The Smithsonian National Zoo's naked mole rat colony is welcoming seven new pups after their queen gave birth to her second litter, the zoo announced on Sunday. Naked mole rats are eusocial mammals, meaning they spend their lives in large colonies with a single breeding female — their queen. On Dec. The naked mole rat queen is capable of getting pregnant again just two weeks after last giving birth. And with every litter the queen delivers, it's likely that she'll give birth to more pups because her spine becomes longer, the zoo writes.
Eating royal poop improves parenting in naked mole-rats
Naked Mole-rat Pup FAQs | Smithsonian's National Zoo
The naked mole-rat Heterocephalus glaber is one of the two known mammalian species that live in a eusocial population structure. Here we investigate the exceptionally long gestation period of 70 days observed in the mole-rat queen. The course of seven successful pregnancies in two individuals was recorded in a colony of captive naked mole-rats using ultrasound biomicroscopy UBM and 3D-ultrasonography. We establish a catalogue of basic reference ultrasound data for this species by describing the ultrasonographic appearance of reproductive organs, calculating growth curves to predict gestational age and defining ultrasonographic milestones to characterize pregnancy stages. Mean litter size was Mean interbirth interval was The reproductive success in our colony did not differ from previously published data.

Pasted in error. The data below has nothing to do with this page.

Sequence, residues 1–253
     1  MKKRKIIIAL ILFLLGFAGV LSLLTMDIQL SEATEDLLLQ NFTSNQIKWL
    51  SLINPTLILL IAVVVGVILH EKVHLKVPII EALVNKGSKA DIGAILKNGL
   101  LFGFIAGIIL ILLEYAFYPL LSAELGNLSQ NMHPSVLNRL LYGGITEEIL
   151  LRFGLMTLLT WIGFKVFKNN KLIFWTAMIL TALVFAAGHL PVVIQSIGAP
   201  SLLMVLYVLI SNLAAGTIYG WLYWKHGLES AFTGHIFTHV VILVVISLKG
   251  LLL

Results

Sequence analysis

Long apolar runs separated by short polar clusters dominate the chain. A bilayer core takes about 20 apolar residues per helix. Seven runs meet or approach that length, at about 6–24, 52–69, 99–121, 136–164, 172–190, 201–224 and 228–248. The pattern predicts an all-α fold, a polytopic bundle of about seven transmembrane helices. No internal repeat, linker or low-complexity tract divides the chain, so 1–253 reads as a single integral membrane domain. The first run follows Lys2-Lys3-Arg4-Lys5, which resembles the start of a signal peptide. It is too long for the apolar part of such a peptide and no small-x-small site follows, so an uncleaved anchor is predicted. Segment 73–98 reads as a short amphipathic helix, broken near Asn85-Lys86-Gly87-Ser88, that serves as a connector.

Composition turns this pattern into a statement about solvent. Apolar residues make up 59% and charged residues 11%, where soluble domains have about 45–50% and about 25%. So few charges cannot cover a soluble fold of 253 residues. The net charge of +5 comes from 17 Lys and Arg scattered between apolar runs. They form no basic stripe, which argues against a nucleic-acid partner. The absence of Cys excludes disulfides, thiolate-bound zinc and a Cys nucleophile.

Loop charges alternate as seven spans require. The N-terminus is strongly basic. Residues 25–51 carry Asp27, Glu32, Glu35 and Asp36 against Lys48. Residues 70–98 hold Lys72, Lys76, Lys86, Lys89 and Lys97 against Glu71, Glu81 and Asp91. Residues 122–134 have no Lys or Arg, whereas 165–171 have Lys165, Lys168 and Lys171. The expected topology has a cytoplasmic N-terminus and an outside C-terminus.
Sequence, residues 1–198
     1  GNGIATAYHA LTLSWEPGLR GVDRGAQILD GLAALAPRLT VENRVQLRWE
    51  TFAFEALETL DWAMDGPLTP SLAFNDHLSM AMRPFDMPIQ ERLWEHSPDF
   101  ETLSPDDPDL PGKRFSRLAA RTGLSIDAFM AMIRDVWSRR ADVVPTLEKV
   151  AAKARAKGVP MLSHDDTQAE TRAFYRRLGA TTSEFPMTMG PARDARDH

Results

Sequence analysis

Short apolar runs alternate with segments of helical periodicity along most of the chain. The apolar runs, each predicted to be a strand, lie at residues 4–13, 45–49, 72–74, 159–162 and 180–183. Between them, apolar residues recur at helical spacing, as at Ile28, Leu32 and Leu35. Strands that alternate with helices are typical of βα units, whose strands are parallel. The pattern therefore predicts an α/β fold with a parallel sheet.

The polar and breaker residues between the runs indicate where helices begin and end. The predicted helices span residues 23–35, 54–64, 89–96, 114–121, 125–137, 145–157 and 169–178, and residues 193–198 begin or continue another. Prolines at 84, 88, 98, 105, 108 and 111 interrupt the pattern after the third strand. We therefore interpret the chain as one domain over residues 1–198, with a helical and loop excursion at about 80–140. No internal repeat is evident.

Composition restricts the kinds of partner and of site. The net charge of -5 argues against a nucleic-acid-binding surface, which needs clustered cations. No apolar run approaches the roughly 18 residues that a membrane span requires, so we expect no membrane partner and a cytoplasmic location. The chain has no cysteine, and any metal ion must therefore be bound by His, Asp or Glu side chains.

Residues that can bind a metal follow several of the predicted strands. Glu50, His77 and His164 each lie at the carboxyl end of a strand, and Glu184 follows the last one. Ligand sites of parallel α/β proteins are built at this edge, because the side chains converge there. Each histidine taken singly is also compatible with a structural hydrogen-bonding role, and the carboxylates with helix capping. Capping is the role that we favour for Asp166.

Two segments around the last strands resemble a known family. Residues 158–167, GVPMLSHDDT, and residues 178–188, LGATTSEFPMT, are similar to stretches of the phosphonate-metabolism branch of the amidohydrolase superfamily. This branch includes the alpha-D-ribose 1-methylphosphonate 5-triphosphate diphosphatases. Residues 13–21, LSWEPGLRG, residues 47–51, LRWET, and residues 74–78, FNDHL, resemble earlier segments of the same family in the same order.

Naked Mole Rat Queen Gives Birth To Second Litter, Months After Being Crowned
This is the first litter of pups for this naked mole-rat colony, and it is possible that some or all of the pups may not survive. If the colony can sense that the pups are sick or there is something wrong with them, they may decide to stop caring for them or eat them. The colony has been working to establish a new queen since they moved to the Zoo earlier this year.
October 15, Have you ever seen a picture of a mother dog caring for an unusual baby, like a kitten? This sort of animal adoption story is an example of a phenomenon known as alloparenting : care provided to offspring that are not genetically related.